A great article on weblogs/RSS on how and why to start a weblog, much of which can apply to the library community:
“Blogging offers the opportunity for people to tell the world what’s on their minds, to share their passions, or to simply inform them of current events-no matter how uniquely focused. Or to tell them what’s going on in their business. A blog is a hybrid e- zine/newsletter that keeps you and your contacts in touch with each other.”
“Blogs have the ultimate opt-in audience”
“Thanks to the news aggregators, blogs are available to a staggering number of potential readers. Your task-at least initially-is to see to it that your current and potential customers have news aggregators, and that they have your blog listed in them.”
“When they see that you’ve updated your blog, you can have a high degree of confidence that they’re going to read what you’ve written, because they voluntarily subscribed to your news feed. As I said earlier, they will very likely be glad to hear from you.”
“[i]t’s very likely that if you begin to post worthwhile content to your blog, the word will get around. This is indeed the case where “if you blog it, they will come.” But then it’s your job to keep them coming back with high-quality content.”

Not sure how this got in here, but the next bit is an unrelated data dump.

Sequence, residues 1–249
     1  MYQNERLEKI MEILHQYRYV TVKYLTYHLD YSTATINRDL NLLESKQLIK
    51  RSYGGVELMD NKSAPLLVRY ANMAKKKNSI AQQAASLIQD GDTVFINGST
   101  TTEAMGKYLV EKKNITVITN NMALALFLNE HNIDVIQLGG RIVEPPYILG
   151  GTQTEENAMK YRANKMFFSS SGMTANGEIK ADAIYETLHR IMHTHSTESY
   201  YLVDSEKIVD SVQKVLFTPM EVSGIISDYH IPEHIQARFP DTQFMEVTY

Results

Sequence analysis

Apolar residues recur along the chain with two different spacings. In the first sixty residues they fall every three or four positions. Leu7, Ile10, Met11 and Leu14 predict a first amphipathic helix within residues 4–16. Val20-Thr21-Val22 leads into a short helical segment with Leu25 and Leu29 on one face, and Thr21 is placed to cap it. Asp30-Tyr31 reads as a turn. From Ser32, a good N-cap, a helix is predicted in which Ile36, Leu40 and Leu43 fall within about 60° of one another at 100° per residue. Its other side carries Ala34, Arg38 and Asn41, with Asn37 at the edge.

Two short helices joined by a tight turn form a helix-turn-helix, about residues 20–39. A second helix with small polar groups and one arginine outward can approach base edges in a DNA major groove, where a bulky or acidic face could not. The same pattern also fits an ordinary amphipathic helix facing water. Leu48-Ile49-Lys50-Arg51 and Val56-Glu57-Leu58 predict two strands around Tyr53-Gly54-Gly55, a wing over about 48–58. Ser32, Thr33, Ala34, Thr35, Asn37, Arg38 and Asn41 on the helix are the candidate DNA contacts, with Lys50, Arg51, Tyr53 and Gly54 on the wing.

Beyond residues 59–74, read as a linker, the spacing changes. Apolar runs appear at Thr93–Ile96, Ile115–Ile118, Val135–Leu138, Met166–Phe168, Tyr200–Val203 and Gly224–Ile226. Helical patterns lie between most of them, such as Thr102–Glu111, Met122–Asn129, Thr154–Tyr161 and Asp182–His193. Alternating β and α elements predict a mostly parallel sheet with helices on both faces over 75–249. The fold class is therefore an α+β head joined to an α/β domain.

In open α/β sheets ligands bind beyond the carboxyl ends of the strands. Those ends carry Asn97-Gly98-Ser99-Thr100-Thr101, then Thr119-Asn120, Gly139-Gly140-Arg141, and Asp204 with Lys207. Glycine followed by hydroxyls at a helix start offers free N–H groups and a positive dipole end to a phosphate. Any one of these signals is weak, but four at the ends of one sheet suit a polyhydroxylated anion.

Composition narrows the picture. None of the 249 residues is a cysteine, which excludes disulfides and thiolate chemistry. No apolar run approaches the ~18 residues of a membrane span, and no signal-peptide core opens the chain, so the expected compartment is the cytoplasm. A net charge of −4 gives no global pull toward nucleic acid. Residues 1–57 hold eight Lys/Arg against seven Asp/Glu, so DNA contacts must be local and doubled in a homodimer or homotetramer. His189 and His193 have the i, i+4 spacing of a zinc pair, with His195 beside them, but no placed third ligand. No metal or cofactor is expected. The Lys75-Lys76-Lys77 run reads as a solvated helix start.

“Once you’ve attracted a following, people will begin to seek out your blog for your expert advice and commentary. Your blog will become the go-to source for timely information about your area of expertise. And it will be only a matter of time before people will be compelled to drill down into your sales page, or go to your sales site to buy your product.”
Sorry to have Jenny-sized this post, but those quotes were well worth being re-posted. I’ve droned on and on why weblogs can be good for libraries and librarians in all fields (academic, public, corporate, etc) and this article brings the point home: Marketing. Librarians historically have done a terrible job of marketing ourselves (I had this exact conversation with a close friend last week on the phone) and I think that weblogs are a great way to get our ideas, new programs, news (and much more) out to our public, management, and clientele. Ease of use is key: anyone can blog. No “techie-in-the-building” is needed. Just some creativity, and some marketing savvy.